Discussions of city power have long focused on cities’ power relative to higher levels of government and to each other. The diffuse causes of climate change offer an opportunity to revisit the question of city power by focusing more closely on the intended object of influence. Although these two perspectives on power will at times overlap, they are not identical. If we consider greenhouse gas emissions as the target, cities can employ their relatively minor powers to substantial effect and many of them appear to be trying to do so. But consideration of cities’ climate change policies alters the usual analysis of city power further. While local government theorists have generally evaluated cities’ autonomy in terms of residents’ ability to shape their local community or their metropolitan region, municipal climate change policies aim to meaningfully contribute to resolution of a global problem. Although some elements of climate change plans may provide fiscal or other benefits that may make cities better providers of services to “consumer-voters” on a public choice model, many other elements cannot be explained other than recognizing these as efforts to engage their residents in a community building effort that encompasses the entire world. Perhaps Frug’s future vision for cities is already taking shape in the realm of local climate change policies, but on a grander vision of geographic interconnection than even he envisioned.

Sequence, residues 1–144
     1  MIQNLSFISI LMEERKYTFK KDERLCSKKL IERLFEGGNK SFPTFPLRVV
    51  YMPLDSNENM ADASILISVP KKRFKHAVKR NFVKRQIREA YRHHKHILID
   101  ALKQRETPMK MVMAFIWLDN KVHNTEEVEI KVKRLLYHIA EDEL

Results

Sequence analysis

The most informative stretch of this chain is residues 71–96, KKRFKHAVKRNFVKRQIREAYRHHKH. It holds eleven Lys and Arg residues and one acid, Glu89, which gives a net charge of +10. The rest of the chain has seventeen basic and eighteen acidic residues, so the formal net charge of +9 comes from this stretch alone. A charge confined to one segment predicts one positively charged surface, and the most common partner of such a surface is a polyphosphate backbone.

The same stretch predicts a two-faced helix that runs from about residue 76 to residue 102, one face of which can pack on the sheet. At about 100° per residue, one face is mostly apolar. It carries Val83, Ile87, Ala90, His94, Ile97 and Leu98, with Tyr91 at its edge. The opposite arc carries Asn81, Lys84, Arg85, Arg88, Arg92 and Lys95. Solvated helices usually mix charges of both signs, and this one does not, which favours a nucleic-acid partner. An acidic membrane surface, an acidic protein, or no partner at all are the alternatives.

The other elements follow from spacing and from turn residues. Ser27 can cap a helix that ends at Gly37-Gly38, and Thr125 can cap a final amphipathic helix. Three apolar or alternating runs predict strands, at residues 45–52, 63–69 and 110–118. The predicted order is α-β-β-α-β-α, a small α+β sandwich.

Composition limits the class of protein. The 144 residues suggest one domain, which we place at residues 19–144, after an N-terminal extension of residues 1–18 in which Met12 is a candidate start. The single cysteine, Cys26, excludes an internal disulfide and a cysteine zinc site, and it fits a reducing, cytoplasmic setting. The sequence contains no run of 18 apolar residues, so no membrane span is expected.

Katherine A. Trisolini,
What Local Climate Change Plans Can Teach Us About City Power,
36 Fordham Urb. L.J. 863
Available at: http://ir.lawnet.fordham.edu/ulj/vol36/iss4/10